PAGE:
Trade volume between China and African countries surged 16.8 percent year on year in the first quarter (Q1) of 2017 to 38.8 billion U.S. dollars as bilateral economic relations boomed, the commerce ministry said Thursday.
This was the first quarterly rebound in bilateral trade between China and Africa since 2015, with Chinese imports from Africa up 46 percent to 18.4 billion dollars, Sun Jiwen, spokesperson for the Ministry of Commerce, told a press conference.
Chinese exports to Africa declined 1 percent year on year to 20.5 billion U.S. dollars in the first three months of this year, compared with an 18 percent drop in the same period last year, he said.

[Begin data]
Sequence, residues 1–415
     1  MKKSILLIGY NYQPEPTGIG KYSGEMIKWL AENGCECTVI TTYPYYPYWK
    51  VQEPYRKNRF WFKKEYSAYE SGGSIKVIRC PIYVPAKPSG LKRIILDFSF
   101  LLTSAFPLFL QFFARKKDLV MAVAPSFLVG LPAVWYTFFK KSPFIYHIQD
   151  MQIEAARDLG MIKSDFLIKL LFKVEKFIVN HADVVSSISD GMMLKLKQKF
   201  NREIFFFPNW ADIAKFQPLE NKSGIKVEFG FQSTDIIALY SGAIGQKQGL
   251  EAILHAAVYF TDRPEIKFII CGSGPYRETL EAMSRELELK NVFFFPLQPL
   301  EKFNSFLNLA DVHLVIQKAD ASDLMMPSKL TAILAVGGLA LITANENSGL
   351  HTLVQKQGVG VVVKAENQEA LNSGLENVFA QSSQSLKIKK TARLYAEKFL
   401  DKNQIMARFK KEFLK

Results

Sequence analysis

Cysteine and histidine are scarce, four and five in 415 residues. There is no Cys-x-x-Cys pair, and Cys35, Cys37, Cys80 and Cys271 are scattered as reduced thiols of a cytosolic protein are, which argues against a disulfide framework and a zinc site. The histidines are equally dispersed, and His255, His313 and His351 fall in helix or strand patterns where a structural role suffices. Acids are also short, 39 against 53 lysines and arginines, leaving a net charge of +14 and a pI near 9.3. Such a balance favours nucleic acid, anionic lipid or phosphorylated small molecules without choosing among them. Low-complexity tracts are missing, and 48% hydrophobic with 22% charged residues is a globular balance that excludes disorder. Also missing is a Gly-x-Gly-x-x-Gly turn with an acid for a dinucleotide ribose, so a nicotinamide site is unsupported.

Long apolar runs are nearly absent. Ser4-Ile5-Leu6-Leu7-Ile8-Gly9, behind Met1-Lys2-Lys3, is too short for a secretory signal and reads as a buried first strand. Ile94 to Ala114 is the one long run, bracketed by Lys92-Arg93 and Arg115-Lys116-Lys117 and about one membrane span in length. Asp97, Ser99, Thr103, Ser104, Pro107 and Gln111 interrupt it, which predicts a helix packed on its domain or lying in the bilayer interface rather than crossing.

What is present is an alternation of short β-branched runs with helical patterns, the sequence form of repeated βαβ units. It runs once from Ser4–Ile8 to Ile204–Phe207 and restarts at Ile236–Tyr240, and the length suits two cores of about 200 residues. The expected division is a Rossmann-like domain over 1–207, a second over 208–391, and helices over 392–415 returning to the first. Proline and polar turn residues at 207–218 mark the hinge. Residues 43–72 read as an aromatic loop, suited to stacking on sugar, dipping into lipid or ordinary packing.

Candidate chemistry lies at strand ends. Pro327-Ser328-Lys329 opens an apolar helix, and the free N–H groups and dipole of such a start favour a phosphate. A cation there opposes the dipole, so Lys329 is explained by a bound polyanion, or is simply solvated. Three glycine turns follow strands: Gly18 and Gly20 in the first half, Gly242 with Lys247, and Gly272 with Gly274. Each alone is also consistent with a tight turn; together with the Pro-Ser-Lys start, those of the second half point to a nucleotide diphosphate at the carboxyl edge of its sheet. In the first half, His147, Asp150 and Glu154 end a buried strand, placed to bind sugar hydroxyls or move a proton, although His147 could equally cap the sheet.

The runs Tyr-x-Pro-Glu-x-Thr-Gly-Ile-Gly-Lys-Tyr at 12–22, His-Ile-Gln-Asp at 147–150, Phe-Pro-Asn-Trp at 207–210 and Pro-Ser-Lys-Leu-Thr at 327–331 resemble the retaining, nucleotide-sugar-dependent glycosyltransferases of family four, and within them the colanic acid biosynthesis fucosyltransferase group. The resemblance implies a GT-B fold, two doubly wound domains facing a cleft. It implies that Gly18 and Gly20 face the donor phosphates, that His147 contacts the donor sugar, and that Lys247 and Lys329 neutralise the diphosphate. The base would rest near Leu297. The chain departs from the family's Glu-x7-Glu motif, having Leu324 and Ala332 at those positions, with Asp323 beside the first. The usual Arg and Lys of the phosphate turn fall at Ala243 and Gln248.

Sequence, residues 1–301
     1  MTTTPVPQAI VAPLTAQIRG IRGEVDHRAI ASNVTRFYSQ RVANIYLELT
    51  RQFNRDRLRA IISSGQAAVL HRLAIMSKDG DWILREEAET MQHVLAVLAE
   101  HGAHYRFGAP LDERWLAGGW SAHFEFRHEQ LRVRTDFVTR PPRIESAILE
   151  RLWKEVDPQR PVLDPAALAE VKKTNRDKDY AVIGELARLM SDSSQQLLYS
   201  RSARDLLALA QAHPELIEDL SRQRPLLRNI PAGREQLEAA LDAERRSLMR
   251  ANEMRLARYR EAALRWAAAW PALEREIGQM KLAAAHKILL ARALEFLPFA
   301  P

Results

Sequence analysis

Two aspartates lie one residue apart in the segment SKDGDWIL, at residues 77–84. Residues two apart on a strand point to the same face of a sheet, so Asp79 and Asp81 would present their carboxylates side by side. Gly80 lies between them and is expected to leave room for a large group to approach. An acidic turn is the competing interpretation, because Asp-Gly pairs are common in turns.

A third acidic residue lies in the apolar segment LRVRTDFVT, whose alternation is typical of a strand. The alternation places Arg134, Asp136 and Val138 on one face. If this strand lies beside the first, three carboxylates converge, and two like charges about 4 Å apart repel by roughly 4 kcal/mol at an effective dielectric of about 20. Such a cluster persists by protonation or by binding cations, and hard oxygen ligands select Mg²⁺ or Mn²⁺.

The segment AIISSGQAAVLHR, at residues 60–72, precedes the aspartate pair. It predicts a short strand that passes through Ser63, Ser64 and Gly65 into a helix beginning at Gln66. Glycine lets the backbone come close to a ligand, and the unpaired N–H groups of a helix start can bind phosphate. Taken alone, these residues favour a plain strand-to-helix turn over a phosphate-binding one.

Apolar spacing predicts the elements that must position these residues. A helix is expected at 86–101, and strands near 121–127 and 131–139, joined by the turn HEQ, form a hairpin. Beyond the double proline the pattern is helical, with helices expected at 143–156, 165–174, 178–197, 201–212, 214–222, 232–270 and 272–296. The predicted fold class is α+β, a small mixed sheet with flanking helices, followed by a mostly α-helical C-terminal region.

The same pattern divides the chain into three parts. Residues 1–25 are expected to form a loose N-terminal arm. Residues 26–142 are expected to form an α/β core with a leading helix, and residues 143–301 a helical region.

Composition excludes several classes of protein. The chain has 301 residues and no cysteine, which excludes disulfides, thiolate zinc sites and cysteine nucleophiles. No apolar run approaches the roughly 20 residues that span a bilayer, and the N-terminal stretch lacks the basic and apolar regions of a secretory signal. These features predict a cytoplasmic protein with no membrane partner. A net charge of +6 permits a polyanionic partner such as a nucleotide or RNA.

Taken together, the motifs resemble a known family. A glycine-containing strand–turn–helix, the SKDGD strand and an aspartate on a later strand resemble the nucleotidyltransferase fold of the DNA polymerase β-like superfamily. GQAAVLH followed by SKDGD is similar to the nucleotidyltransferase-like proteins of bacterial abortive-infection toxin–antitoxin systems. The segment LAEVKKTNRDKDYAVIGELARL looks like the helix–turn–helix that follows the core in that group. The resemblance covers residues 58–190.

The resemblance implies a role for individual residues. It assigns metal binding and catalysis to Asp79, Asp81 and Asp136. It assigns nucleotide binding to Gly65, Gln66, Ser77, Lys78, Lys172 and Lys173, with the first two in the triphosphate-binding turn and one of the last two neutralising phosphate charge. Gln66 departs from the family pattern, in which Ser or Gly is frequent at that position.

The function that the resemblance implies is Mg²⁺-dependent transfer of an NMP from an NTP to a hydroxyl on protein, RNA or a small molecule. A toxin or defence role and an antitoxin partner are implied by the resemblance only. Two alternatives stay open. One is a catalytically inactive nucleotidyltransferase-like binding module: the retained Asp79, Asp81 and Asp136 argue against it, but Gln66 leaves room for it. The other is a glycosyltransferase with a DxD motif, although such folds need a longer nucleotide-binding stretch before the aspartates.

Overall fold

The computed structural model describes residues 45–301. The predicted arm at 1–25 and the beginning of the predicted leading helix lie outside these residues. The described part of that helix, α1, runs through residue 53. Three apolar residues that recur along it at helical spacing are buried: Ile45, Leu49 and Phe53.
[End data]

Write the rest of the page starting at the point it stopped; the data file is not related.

Sun attributed the growth to the implementation of ten major China-Africa cooperation plans raised at the Johannesburg Summit of the Forum on China-Africa Cooperation in 2015, which included interest-free loans and preferential policies.
In Q1, Chinese enterprises made more than 750 million U.S. dollars of non-financial direct investment to African countries, up 64 percent year on year, Sun said, adding that the two sides are expected to move towards a higher level of economic cooperation this year.
Bilateral trade between China and Africa stood at 149.1 billion U.S. dollars in 2016.